Donaldson told me: 'I don't suppose there'll be much peace now'
Published 22/09/2016 | 02:30
Belfast folk of both traditions have a fondness for Donegal. For many nationalists, 'Destination Donegal' is where they polish up their Irish language skills - and it is also where some of them experience the first fluttering of adolescent romance, attending Gaeltacht summer schools.
In July, the Donegal seaside village of Dunfanaghy is so popular with Protestants that local people jokingly refer to it as 'Sandy Row', after the hard-line loyalist area of inner city Belfast.
I'm lucky in that being descended of two grandparents born in the county, I got to know it well. In fact, I made it my business to become familiar with every highway, by-way, bog and boreen.
Years before I had written a hit song about Donegal, and I had helped make a documentary about the place which was broadcast on prime-time TV.
And so when an old republican contact suggested to me that Denis Donaldson - the senior Sinn Féin figure and close confidante of Gerry Adams who admitted being a British spy - may be hiding out in Donegal, I made it my business to track him down.
My source said he knew Donaldson owned an old cottage in Donegal, but the problem was, he couldn't remember exactly where it was. It wasn't much to go on, but at least it was something.
Many reporters would have given their eye-teeth in return for knowledge of Donaldson's whereabouts.
A quick word with the editor explaining my proposal, and I was on my way.
But a full day inquiring around the Gweedore region failed to turn up any clues pertaining to the elusive Denis Donaldson.
He was last seen on TV fronting-up a strained press conference, where he confessed his double-dealing. He then disappeared without trace.
The next day, I headed south to Glenties, the picturesque town made famous as Glenmornan in Patrick McGill's classic novel, 'Children of the Dead End'.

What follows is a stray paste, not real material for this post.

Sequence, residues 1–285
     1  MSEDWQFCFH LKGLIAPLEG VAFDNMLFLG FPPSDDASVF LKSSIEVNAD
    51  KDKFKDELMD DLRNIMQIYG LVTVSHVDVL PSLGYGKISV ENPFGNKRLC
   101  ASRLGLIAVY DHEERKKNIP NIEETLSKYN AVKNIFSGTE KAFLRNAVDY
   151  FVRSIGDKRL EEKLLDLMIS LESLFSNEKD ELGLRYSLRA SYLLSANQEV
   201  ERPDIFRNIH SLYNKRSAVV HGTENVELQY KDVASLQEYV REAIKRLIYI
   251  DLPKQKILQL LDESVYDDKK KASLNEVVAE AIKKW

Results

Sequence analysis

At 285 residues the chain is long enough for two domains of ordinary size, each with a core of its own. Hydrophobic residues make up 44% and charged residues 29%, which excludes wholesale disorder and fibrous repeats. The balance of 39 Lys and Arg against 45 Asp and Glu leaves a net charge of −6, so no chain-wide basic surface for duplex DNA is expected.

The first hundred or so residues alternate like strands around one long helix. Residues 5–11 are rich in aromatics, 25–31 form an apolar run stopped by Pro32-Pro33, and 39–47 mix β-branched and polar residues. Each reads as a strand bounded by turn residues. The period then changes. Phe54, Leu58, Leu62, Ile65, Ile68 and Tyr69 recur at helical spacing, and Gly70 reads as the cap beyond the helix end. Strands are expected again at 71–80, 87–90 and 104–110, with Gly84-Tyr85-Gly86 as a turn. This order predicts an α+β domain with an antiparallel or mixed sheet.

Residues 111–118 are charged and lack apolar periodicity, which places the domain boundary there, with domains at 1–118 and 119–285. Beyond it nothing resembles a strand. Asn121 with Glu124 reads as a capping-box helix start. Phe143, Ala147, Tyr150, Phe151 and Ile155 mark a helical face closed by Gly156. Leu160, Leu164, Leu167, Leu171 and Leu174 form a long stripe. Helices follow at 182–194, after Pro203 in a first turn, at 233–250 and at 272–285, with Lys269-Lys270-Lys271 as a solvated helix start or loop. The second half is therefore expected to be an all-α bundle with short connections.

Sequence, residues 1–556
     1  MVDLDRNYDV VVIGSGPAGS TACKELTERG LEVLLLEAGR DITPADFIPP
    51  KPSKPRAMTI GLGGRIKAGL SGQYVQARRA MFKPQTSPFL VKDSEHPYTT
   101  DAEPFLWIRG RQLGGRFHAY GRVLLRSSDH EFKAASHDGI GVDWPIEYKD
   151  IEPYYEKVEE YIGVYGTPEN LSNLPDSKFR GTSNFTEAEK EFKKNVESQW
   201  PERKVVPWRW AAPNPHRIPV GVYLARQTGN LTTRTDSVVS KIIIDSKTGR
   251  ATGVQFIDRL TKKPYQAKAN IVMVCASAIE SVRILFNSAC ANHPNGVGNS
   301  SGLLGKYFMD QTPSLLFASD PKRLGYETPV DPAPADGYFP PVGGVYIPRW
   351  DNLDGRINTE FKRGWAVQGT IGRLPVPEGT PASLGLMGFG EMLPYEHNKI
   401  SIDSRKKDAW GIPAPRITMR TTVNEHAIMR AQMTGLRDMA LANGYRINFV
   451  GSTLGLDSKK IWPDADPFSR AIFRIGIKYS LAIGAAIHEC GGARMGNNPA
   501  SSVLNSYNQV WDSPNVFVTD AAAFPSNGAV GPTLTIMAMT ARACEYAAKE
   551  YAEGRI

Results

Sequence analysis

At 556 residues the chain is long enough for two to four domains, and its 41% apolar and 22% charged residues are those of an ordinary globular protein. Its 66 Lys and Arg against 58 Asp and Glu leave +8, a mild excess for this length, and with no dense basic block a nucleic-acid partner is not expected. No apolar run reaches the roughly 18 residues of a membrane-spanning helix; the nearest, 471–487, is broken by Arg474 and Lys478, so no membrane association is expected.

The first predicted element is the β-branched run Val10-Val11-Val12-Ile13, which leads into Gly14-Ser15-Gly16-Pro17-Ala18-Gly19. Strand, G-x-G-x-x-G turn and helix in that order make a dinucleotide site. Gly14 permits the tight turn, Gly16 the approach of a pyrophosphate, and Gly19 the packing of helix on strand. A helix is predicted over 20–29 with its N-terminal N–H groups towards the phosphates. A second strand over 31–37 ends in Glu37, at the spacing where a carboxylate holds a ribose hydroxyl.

I parked outside the Bridge Bar on Main Street and I was reading a newspaper when something made me glance upwards.
I couldn't believe my eyes. Because crossing the road - not 50 yards in front of me - was Denis Donaldson, the man I had been hoping to find.
Gone was the sharp suit he wore on a daily basis while traipsing the marbled halls of Stormont as a senior Sinn Féin fixer.
Donaldson had aged considerably since I last clapped eyes on him. He had grown a scraggy beard and his wispy greying hair was in need of a trim. His cargo-pants-style trousers were tucked into boots he hadn't even bothered to lace.
The Belfast man had emerged from a general store carrying a small item in a paper bag when I spotted him. He was walking slowly in the direction of a blue family saloon car. I turned the ignition key and waited in anticipation.
Donaldson got into his car, started up the engine and drove off slowly. I followed at a safe distance.
Towards the end of Main Street, he signalled left, taking the back road to Doochary, some seven miles away.
At the top of the hill, he signalled a right and when I followed a few minutes later, I was just in time to see him walk to a small white-washed stone farmhouse.